Rabbi Zeira once spied his colleague Rabbi Hiyya bar Abba finishing his prayer and then immediately praying again (B. Berachot 30b). Rabbi Zeira sought the reason for the strange behavior, himself analyzing the situation: "If you tell me that you repeated the prayers because you did not have the proper mind-set at the first attempt, we have a tradition from Rabbi Eliezer that a person should always assess himself before embarking on prayer; if he is able to concentrate he should pray, if he is unable to concentrate he should not pray!"
The commentators explain that lack of concentration during the first part of the Amida invalidates the entire Amida (Tosafot, 12th-14th centuries, France-Germany). Other authorities add that Modim - the prayer of thanksgiving - also requires full attentiveness, though there is a question as to whether a lack of meditation invalidates that prayer (Semak, 13th century, France cf. Agguda, 13th-14th centuries, Germany).
Rabbi Zeira was suggesting that if the issue was one of concentration during prayers, it should have been resolved before Rabbi Hiyya bar Abba began praying, thus that could not be the reason for repeating the Amida.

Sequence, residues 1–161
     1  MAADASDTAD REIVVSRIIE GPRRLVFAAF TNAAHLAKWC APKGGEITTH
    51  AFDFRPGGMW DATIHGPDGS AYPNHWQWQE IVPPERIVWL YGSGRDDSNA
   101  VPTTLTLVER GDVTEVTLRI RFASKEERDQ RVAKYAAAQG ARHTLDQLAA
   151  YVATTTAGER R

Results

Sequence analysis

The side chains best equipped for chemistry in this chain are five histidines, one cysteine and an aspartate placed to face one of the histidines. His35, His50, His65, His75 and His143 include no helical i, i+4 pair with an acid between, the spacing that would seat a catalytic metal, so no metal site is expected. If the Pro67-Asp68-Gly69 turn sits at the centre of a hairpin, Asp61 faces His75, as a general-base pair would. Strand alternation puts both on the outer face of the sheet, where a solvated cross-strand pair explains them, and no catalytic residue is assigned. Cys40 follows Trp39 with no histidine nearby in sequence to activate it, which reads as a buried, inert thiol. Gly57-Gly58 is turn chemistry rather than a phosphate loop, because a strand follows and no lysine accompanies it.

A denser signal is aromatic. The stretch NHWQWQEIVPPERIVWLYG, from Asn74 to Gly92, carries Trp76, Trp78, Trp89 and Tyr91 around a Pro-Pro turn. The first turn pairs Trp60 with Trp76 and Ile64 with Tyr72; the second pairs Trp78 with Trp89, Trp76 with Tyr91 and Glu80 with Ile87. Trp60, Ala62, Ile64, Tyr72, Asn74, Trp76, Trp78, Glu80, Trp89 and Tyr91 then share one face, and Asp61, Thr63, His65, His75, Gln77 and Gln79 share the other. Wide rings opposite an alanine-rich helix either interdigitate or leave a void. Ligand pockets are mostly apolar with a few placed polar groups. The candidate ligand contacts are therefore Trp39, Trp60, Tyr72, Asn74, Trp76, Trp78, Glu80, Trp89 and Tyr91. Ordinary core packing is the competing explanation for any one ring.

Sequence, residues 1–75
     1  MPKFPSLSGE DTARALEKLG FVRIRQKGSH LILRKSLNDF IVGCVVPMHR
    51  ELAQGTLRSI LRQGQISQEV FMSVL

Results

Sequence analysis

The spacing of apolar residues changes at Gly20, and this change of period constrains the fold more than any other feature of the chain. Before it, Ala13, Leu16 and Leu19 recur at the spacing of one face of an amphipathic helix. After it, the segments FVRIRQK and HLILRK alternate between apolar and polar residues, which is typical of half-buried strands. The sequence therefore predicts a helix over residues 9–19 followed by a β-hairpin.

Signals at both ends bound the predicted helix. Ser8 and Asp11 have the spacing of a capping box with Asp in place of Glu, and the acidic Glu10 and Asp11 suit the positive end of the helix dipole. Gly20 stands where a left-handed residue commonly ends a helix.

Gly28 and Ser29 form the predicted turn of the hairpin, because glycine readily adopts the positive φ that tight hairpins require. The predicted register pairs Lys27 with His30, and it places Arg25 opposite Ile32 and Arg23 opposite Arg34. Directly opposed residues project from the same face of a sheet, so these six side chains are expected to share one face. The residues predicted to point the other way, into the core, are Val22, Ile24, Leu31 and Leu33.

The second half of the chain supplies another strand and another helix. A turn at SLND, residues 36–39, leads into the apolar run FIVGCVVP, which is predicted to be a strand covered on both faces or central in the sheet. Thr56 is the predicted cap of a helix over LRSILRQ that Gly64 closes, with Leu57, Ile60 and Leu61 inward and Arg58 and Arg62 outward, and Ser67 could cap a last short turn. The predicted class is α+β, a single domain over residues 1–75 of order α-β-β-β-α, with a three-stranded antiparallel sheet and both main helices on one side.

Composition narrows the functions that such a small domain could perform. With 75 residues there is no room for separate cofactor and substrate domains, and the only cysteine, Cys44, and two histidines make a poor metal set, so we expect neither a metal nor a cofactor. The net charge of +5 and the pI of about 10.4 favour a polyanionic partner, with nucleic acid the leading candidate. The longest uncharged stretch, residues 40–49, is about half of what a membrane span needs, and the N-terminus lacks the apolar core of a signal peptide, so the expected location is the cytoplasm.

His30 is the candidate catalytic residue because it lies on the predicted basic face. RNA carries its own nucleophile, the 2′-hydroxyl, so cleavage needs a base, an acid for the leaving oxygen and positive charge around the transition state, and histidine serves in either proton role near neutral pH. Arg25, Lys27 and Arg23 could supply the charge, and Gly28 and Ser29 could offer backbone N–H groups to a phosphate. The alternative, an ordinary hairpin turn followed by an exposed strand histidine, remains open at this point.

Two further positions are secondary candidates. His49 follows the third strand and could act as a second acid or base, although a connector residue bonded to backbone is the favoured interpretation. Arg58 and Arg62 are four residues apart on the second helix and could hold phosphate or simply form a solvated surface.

Having dismissed that first possibility, Rabbi Zeira moved on to a second scenario: "Perhaps you omitted the special addition for Rosh Hodesh (new month), and therefore repeated the Amida." Rabbi Zeira quickly rejected this reason, citing a teaching dating back to the Second Temple period: If one mistakenly did not mention Rosh Hodesh in the Arvit evening prayer, there is no need to repeat the Amida for he can recite the addition the following morning in the Shaharit prayer. If he forgot in Shaharit, he need not repeat the prayer for he will reference Rosh Hodesh in the additional Musaf prayer, which by its nature makes mention of the date. If instead of the Rosh Hodesh text for the Musaf prayer, he recited a regular Amida and neglected to mention the auspicious day, he need not recite Musaf again for he still has the opportunity to mention Rosh Hodesh in the afternoon Minha prayer.
Relying on this teaching Rabbi Zeira concluded that there was no reason for Rabbi Hiyya bar Abba to repeat the Amida, unless he was praying Minha, a possibility not entertained.
It was now Rabbi Hiyya bar Abba's turn to explain his actions: "Indeed I forgot the Rosh Hodesh addition and this precipitated my repetition of the Amida. And with regard to the teaching you cited - this tradition was said only in regard to a congregation. I, who was praying alone, was required to repeat the Amida."
What are the congregational circumstances that do not require a repetition following an omission? Commentators offer two possibilities: According to one approach, when praying with a congregation the special Rosh Hodesh addition will be recited by the leader of the service in the Amida repetition. Hence the individual is not required to repeat the silent Amida for he will hear it in the public repetition. When praying alone, however, though there will be other opportunities to recite the Rosh Hodesh addition, for that particular prayer it was omitted entirely and hence the Amida must be repeated (Rashi, 11th century, France).